The eleventh annual convention was held in the Washington Artillery Armory, New Orleans, La., on October 24, 25, 26, and 17, 1883. Chief Thomas O'Connor, of New Orleans, was elected president. Mayor Behan extended a hearty welcome to the members.

The twelfth annual convention was held in the Grand Pacific Hotel, Chicago, Ill., on September 9, 10, 11, 12, and 13, 1884. Chief D. J. Swenie, of Chicago, was elected president, and in the unavoidable absence of Mayor Harrison, Comptroller T. J. Gurney made the address of welcome on behalf of the city.

The thirteenth annual convention was held at the Ocean Hotel, Long Branch, N. J., on September 8, 9, 10, 11, and 12, 1885. Chief Thomas L. Worthley, of Long Branch, was elected president. An address of welcome was made by Mr. William H. Bennett, of Long Branch, and, on behalf of the New Jersey State Firemen's Association, Mr. Weeks delivered an address.

The fourteenth annual convention was held at the Masonic Hall, providence, R. I., on august 24, 25, 26, and 27, 1886. Chief George A. Steere, of Providence, was elected president. The meeting was opened with prayer by the Rev. Augustus Woodbury, and Mayor Gilbert F. Robbins delivered an address. Chief Leshure read an interesting paper on the "Flow of Water through Iron Pipes."

CAPTAIN HENRY A. HILLS, secretary of the National Association of Fire Engineers, was born on June 7, 1838, in Boston, Mass. His father was a Boston merchant, at one time a member of the State Legislature, and served in the Fire Department. Young Henry was a real chip of the old block, and began to run with the "machine" when he was only sixteen years old. When eighteen he became a full-fledged fireman, joining Niagara Engine Company No. 3, of Cambridge, when the Cambridge chief engineer organized a fire police, Mr. Hills was among the first selected. In 1860 he joined Washington Engine Company No. 9, an independent organization owned by Lowell Railroad Company. Within a year the young man was elected a clerk of the company. In 1863 Mr. Hills was offered an agency of the American Alarm Telegraph owned by John K. Kennard & Co., and represented the company first in Washington and later in Chicago. While in this position he supervised the building of fire alarm telegraphs in some of the most important cities in this country and Canada. It was in 1868, having left the American Company to go into business with his brother, at Rome, Ga., that Mr. Hills took it upon himself to organize the Citizens' Hook and Ladder Company No. 1, and his public spiritedness in this respect was rewarded with the foremanship of the new company. He soon came to be recognized as one of the best firemen in Rome, and when the election for chief engineer drew near in 1872 his popularity brought his name forward as a candidate for that office. He was elected and held the office honorably for six years, with good results to the city, for, with the exception of a single fire, the fire loss during his terms of office did not exceed ten thousand dollars all told. He was also chosen superintendent of the city waterworks. Mr. Hills' reputation as a scientific fire engineer was made. In 1876, Atlanta, Ga., called on him to equip and start a Salvage Corps, as also did Nashville, Tenn. he also gave an estimate, at special request, for equipping a Fire Department for the city of Cairo, Egypt. Mr. Hills his position as superintendent of waterworks in Rome, until 1878. In 1878 Mr. Hills accepted the superintendency of the Dallas, Texas, waterworks, where he remained for some time. While in Dallas he became president of the East Dallas Steam Fire Engine Company No. 2. Mr. Hills' health did not agree with the Southern clime where duty has called him, and he was not slow in accepting, two years ago, a lucrative position as live stock agent of the d. d. D. and I Railway, at Cincinnati, where he still continues. Mr. Hills is still a firemen, however, taking a warm interest in fire matters, and, as secretary of the national Association, contributes his quota of effort in benefiting the fire cause.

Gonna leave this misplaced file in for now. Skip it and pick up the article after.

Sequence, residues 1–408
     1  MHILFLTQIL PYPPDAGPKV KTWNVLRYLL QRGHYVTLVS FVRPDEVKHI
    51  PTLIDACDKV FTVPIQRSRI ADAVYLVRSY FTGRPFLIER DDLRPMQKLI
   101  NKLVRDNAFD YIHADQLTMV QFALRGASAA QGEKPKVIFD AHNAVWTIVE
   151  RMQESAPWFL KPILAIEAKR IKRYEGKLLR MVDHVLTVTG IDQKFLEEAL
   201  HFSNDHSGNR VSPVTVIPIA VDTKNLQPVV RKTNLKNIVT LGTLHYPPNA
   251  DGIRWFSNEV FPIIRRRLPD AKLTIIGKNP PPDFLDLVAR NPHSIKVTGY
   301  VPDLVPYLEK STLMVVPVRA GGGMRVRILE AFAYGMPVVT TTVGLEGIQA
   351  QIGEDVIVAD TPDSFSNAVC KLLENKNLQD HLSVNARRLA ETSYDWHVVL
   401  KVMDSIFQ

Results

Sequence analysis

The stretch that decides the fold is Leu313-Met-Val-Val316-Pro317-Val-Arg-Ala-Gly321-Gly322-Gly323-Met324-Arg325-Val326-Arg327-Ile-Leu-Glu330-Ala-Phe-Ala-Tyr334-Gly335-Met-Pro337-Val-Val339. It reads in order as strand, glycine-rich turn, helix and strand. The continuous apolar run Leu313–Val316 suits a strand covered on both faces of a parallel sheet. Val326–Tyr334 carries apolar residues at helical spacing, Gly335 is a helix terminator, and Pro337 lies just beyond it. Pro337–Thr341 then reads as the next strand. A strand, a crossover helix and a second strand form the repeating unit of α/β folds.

Transcribed by Holice B. Young

HTML by Debbie